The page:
There is little doubt that Vienna at the turn of the 19th century was the musical capital of the world; a nexus for the string quartet composer, who could alternate composing for the leading virtuosos of the day with creating works that satisfied the then-increasing predilection for domestic music-making. Against this background, striving to find his own voice and using the medium as a path towards his early symphonies, was the young, prodigiously talented Franz Schubert. Similar to Beethoven, Schubert stood out in his refusal to target the general public with his writing, though there is much evidence to suggest that the majority of his early string quartets were written for and first performed by his family’s own ensemble.
This recording brings together three such works written during Schubert’s teenage years, beginning with the Overture in B B470 – seemingly the only one of its kind for string quartet by the composer, and in which traits such as unison playing and fanfares reveal the focus of his orchestral experimentations at that time. Recorded for the first time using a playable version that was made from the original orchestral score, the work is followed by D112, also a work of different origin (originally a string trio). Schubert is still searching for the right response to the quartets of the Viennese masters here, though the finale’s lower-voice writing and virtuosic interjections of the first violin do reveal an increasingly original conception of the quartet sound. More compact and less experimental is D353 – something that is perhaps due to Schubert’s contemporaneous studies with the Italian composer Antonio Salieri.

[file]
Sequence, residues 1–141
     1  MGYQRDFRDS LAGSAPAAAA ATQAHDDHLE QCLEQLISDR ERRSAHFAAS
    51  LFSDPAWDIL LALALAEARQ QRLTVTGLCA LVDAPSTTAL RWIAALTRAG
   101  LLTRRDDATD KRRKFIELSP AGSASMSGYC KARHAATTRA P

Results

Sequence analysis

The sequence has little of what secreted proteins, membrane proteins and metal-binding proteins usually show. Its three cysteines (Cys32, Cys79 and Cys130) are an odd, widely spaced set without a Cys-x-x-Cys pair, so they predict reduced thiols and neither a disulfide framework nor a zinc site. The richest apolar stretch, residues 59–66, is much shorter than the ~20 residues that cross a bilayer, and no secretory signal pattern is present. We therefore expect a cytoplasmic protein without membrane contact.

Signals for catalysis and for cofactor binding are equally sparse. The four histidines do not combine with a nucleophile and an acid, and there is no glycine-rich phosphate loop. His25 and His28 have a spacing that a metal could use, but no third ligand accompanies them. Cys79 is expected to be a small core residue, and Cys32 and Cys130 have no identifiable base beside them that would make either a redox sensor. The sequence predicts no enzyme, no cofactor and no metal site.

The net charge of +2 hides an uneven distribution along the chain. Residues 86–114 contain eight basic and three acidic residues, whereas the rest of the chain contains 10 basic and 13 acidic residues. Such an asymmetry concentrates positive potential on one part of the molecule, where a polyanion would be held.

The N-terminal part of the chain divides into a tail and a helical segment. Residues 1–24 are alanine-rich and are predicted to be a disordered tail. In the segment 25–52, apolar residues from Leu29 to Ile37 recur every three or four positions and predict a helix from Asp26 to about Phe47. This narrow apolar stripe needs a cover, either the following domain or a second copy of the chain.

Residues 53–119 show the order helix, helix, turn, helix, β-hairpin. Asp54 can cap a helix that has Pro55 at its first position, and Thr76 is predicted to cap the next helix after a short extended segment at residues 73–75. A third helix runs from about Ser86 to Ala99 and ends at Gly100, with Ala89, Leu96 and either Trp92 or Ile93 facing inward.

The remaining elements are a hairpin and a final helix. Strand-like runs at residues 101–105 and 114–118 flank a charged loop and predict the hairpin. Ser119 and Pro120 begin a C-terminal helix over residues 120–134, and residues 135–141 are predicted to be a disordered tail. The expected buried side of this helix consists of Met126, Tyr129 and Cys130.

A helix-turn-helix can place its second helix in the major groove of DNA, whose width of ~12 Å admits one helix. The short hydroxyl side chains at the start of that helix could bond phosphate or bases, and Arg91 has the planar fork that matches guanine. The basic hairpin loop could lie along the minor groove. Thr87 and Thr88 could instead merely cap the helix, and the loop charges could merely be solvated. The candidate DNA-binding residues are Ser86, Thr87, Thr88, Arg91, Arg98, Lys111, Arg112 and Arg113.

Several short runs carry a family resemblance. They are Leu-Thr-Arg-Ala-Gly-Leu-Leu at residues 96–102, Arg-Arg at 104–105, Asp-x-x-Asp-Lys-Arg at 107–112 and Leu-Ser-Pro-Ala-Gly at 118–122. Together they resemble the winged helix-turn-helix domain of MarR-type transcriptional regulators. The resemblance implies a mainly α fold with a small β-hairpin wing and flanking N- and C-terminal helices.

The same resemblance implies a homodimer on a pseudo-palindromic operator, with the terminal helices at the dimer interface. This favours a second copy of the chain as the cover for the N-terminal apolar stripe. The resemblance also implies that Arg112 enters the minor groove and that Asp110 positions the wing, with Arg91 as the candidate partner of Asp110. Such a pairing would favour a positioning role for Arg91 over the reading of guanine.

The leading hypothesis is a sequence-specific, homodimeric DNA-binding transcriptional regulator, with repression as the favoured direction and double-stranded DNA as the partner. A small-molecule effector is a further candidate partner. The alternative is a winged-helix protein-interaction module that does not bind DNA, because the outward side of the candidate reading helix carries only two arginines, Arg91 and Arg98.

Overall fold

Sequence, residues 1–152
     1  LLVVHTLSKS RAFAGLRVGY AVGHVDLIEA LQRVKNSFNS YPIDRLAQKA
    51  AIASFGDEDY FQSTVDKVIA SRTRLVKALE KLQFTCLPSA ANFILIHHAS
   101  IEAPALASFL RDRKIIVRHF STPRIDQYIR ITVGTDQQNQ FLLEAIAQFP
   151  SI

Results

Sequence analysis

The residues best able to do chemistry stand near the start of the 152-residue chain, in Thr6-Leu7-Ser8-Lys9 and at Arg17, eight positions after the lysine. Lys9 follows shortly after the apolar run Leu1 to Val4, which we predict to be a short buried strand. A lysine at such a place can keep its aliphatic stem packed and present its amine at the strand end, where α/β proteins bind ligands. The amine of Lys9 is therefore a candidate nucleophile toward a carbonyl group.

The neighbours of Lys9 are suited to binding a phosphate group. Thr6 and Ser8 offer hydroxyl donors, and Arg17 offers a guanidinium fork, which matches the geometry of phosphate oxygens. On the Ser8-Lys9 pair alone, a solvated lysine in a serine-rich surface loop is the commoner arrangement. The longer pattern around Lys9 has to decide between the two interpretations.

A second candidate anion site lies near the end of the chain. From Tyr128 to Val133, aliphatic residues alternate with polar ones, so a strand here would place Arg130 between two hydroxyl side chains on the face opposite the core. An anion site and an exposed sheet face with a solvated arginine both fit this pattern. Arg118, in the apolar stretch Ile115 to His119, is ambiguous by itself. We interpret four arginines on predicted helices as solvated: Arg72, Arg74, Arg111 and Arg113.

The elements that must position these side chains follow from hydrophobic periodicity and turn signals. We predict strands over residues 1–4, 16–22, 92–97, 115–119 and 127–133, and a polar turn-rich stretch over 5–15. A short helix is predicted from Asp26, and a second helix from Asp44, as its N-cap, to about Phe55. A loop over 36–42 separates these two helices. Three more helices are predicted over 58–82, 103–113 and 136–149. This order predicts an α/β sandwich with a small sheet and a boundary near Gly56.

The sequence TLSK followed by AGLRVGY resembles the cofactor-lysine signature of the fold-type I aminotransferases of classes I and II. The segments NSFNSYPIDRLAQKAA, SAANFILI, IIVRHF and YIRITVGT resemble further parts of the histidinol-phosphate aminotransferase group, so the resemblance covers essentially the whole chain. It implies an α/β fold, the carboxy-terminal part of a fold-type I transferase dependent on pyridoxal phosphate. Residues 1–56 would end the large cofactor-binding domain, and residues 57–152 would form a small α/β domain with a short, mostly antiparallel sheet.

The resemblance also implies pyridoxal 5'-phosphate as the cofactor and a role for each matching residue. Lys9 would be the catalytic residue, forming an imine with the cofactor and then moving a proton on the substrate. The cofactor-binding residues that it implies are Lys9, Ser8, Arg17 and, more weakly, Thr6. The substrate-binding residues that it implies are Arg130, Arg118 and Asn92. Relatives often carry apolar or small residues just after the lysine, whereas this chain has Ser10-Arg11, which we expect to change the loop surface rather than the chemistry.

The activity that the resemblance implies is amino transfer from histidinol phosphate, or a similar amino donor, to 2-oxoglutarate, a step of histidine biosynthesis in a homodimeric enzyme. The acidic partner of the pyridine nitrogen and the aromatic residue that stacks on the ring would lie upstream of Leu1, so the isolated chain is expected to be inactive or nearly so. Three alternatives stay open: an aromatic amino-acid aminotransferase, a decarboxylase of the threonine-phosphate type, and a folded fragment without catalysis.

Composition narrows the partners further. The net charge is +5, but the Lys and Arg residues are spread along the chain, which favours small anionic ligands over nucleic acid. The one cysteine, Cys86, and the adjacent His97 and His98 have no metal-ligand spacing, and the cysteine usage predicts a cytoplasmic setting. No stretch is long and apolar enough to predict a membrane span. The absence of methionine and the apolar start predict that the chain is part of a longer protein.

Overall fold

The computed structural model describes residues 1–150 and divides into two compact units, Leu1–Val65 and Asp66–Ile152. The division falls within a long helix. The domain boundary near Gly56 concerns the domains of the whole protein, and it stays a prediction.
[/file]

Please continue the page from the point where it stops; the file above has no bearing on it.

Continuing their complete survey of Schubert’s string quartet output with this recording is the Diogenes Quartet, whose first offering (94315) was released to critical acclaim. The Munich-based group is considered one of the most successful string quartets of the younger generation; “Glorious string tone and impeccable ensemble are trademarks of this first-rate quartet” (MusicWeb International, June 2012).
- Recorded on 3–5 December 2012, Himmelfahrtskirche, München-Sendling.
- The second instalment of the recording of Schubert’s complete string quartets by the German Diogenes Quartet presents two early, but by no means immature quartets: the B flat D112 and the E major D353, ‘Hausmusik’ for domestic use, written by a composer whose genius lent a ray of eternity to every note he wrote.
- A world premiere for the Overture D470, an orchestral piece in Italian style, arranged for string quartet by Schubert himself, and completed for this recording by musicologist Christian Starke.
- Contains notes on the music and a biography of the quartets.